This inventive configuration allows the user to reassemble and MiX Bikini as much as they want.

Scozzafava stated on the show.

“I’m super happy,” he said. “I just made a deal with Barbara, who was the coolest one and that’s who I wanted to make a deal with.”

He recently launched his new website Mix Bikini  “The changeable Bikini.”

No patent infringement by Google or Microsoft

Posted in Patents

Two of the largest search engine marketing vendors in the United States (Google Inc. and Microsoft Corp.) will not have to pay Paid Search Engine Marketing Tools LLC for their alleged patent infringement. google logo

The Patent Trial and Appeal Board reaffirmed the consolidated ruling in Paid Search Engine Tools, Inc. v. Google Inc., Case No. 2:07-CV-0403 (E.D. Tex.) (PDF) denying PSET’s contention that Google, among other companies, enjoyed commercial success solely as a result of replicating PSET’s patents.

PSET is the owner of U.S. Patent No. 7,043,450 (PDF) (the ‘450 patent) entitled “Paid search engine bid management.” The patent which was issued 9 May 2006 outlines a method for users to optimize their use of paid search engines by accumulating large amounts of target key words and directing web users to the site of the highest bidder.

This certainly seems familiar with the advent of Google AdWords and Microsoft’s Bing which utilize a similar method to attract large numbers of consumers and earn millions of dollars a year from marketing capital.microsoft-logo

PSET asserts that they should be credited with the invention of SEM dating back to 28 May 2000, but PTAB declared that the evidence was “not persuasive.” The Board saw weaknesses in the two major claims of the suit.

The first being that the “number of customers attracted by PSET was a very weak showing of commercial success in the absence of information concerning market share.”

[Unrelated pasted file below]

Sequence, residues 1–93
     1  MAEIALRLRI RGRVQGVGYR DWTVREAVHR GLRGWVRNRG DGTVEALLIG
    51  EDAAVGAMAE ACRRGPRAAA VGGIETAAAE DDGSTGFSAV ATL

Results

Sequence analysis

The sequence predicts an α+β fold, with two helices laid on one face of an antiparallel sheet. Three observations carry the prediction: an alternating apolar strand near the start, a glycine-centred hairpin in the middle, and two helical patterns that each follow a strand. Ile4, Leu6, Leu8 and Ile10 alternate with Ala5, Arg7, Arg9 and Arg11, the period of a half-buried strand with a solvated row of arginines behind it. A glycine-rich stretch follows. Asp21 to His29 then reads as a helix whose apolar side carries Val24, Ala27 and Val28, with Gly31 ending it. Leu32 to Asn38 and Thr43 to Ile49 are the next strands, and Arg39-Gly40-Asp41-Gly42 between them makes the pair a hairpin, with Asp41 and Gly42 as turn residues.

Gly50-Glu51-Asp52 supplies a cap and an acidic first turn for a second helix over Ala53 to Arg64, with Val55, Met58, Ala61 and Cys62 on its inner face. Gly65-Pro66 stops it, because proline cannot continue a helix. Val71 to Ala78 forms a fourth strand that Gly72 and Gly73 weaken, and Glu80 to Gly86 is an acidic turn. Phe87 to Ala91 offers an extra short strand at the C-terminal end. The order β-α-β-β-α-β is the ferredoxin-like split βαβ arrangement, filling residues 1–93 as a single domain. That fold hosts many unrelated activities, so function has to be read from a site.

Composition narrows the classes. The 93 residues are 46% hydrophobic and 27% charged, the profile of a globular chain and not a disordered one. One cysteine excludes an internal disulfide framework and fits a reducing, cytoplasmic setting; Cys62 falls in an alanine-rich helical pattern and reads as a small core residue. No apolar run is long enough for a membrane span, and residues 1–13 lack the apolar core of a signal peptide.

The second simply being a lack of credible connection between the “asserted commercial success” of PSET’s inventions, and those offered by Google and other companies.

The reaffirmation by PTAB surely dissuades smaller companies with legitimate patent infringement cases from engaging in uphill legal battles with blue chip companies without having indisputable evidence of first having designed and created a particular invention before their contenders.

Certainly it would be to the long-term detriment of large companies such as Google and Microsoft to sell for service or otherwise new products without first having ensured indisputable leverage concerning the legal use of patents.


Use of surname Piazza as a wine trademark

Posted in Trademarks, Wine Trail and Trademark Talk

One of the most cherished aspects of Italian culture is the dolce far niente, the art of doing nothing.

It is those celebrated moments of smiles and laughter exchange over lingering cups of espresso or glasses (often bottles) of wine, independent of purpose or agenda that delight the heart and nurture the soul. Such moments are often experience in the open squares and public plazas throughout Italy referred to as my name sake “Piazza”.Bella Piazza

If I were a wine producer my experiences with and my affection for the people and plazas named Piazza would compel me to proudly associate my name with my wine or vineyard.

Yet while my affection for my namesake might tempt me to favor using it as the trademark for my “would be” wine or vineyard, it being my namesake alone doesn’t mean it would necessarily qualify for registration under the Lanham Act (15 U.S.C. §1052) .

If the public recognizes Piazza as a surname (essentially because it is commonly used as such) it may not qualify for placement on the principal register in the USPTO, unless over time and through substantial association my name has become known as my trademark; or in short my surname has acquired a secondary meaning.

Moreover even should my surname prove to be unique or rare enough not to require a secondary meaning under the Lanham Act,  I still may be prohibited from registering it as my trademark if someone else has already claimed it or a name similar enough in sound and use to it that it may prove to be confusing to the public consumer.

The Trademark Trial and Appeal Board has identified five factors to be considered if a term is primarily merely a surname:

  1. Is the surname rare (see TMEP §1211.01(a)(v));
  2. Is the term the surname of anyone connected with the applicant;
  3. Does the term have any recognized meaning other than as a surname (see TMEP §§1211.01(a)–1211.01(a)(vii));
  4. Does it has the “look and feel” of a surname (see TMEP §1211.01(a)(vi)); and
  5. If the stylization of lettering is distinctive enough to create a separate commercial impression (see TMEP §1211.01(b)(ii)).